Trump administration files Hail Mary appeal to derail youth climate lawsuit

Just one day after a district court denied an appeal, the administration tried again.

CREDIT: AP Photo/Pablo Martinez Monsivais
CREDIT: AP Photo/Pablo Martinez Monsivais

Last week, a district court in Oregon denied the Trump administration’s appeal in a climate change lawsuit, seemingly paving the way for the historic case — which pits a group of children and young adults against the federal government — to head to trial.

But just one day after U.S. Federal Judge Ann Aiken rendered her decision, the Trump administration, in an extraordinary move, filed yet another appeal, asking the Ninth Circuit Court of Appeals to review Aiken’s decision to allow the case to move forward.

The petition, known as a writ of mandamus, argues that the Ninth Circuit should use its supervisory powers to “end this clearly improper attempt to have the judiciary decide important questions of energy and environmental policy to the exclusion of the elected branches of government.”

Our Children’s Trust, the nonprofit legal group behind the lawsuit, as well as legal experts described the Trump administration’s petition as “drastic” and “extraordinary.”

“Mandamus of this sort is truly extraordinary and rarely granted,” Erwin Chemerinsky, a constitutional law expert and soon-to-be dean of Berkeley Law, told ThinkProgress via email. “The strong presumption in federal courts, reaffirmed by the Supreme Court as recently as yesterday, is that appellate courts don’t get involved until the trial court proceedings are completed.”

The decision whether or not to review the District Court’s decision — and, ultimately, whether to overturn its decision allowing the case to move forward — will reside with the Ninth Circuit Court of Appeals.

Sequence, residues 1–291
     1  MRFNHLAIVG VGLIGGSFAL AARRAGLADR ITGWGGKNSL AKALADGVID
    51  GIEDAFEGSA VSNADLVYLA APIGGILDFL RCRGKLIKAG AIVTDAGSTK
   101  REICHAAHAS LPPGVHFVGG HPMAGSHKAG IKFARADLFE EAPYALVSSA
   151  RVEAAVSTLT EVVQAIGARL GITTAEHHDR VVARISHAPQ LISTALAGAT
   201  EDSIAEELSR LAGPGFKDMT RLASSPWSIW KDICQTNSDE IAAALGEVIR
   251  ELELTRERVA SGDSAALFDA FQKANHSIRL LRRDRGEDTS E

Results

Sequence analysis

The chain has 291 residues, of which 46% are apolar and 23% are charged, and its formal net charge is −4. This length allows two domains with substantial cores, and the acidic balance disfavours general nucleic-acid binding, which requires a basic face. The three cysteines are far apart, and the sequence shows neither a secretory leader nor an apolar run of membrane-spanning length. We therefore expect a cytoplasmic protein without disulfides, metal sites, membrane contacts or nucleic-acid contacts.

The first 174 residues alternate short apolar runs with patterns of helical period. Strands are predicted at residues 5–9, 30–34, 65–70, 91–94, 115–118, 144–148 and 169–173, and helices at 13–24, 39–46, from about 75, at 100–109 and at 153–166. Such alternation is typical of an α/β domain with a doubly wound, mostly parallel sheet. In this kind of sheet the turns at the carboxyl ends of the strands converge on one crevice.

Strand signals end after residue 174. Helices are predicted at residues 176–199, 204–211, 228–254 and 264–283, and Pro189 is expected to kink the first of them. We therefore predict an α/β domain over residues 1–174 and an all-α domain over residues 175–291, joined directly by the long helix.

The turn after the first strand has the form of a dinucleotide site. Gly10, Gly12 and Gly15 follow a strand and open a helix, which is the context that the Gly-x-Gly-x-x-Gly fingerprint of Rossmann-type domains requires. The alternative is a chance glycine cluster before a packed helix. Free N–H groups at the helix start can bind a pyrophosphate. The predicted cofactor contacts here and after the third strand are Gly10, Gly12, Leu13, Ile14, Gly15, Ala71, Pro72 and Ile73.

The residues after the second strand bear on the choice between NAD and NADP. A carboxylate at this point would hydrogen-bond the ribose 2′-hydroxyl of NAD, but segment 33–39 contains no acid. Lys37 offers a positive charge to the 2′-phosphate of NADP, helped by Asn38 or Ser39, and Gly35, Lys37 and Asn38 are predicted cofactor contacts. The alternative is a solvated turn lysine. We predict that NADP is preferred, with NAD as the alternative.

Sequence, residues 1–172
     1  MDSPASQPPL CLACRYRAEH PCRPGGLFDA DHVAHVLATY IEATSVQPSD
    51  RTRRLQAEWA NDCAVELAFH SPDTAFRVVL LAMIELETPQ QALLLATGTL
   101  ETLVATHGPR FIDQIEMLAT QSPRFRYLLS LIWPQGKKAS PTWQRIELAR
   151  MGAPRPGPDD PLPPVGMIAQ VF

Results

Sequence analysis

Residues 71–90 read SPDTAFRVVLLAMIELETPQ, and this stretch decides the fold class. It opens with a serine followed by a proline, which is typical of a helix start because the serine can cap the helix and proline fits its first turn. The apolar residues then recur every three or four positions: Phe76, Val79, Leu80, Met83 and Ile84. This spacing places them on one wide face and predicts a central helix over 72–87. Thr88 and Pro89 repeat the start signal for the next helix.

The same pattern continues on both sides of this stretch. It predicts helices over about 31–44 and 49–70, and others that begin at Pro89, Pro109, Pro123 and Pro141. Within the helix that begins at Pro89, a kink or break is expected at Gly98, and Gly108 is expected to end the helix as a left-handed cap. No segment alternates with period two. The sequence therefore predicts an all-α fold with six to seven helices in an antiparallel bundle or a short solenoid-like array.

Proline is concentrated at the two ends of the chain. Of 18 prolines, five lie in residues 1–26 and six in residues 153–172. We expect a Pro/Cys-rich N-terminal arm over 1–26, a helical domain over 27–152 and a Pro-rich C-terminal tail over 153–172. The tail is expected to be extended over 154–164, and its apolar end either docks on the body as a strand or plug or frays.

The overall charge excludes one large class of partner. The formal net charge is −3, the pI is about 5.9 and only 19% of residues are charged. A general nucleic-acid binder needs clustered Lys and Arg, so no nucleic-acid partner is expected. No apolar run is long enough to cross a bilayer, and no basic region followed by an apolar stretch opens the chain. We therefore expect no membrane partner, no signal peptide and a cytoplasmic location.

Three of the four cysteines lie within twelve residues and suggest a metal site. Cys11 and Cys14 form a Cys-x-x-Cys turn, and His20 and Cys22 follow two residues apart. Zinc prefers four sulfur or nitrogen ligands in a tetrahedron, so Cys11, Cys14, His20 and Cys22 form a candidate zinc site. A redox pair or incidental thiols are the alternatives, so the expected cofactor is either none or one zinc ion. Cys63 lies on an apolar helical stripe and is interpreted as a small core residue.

If the case moves to trial, attorneys for the plaintiffs will attempt to apply the doctrine of public trust — which holds that the U.S. government must preserve certain commonly-held elements — to the atmosphere, arguing that the U.S. government is failing to hold the atmosphere in good health for future generations. Attorneys for the plaintiffs will also argue that the U.S. government has violated the plaintiff’s constitutional rights to a livable climate through certain policies, like fossil fuel subsidies, which favor the burning of fossil fuels that lead to global warming.

The lawsuit was initially filed in August of 2015, and named the Obama administration as a defendant. When Donald Trump took office in January, plaintiffs filed for the Trump administration to be named as a defendant. The Trump administration then filed an appeal of Aiken’s decision to allow the case to move forward, arguing that the case centers on a political question best left to the legislative and executive branches of government.

That appeal was denied last week, after which the administration filed a petition for writ of mandamus.

“The U.S. government is trying to use every possible tool they can to avoid trial,” Julia Olson​, co-lead counsel for plaintiffs, said in a press statement. “Because they know applying the law to the facts and science in this case will mean certain defeat for them at trial. If the Trump administration was at all confident it could defend itself at trial, it would be preparing for trial.”

The U.S. District Court of Oregon, meanwhile, is still deciding whether or not to allow three fossil fuel groups, which had intervened as defendants in the case, to withdraw from the lawsuit. The American Petroleum Institute (API), the National Association of Manufacturers (NAM), and the American Fuel & Petrochemical Manufacturers (AFPM) — all major trade groups representing fossil fuel and manufacturing interests — filed motions to withdraw from the case just before a court-imposed deadline would have forced them to state their positions on climate science.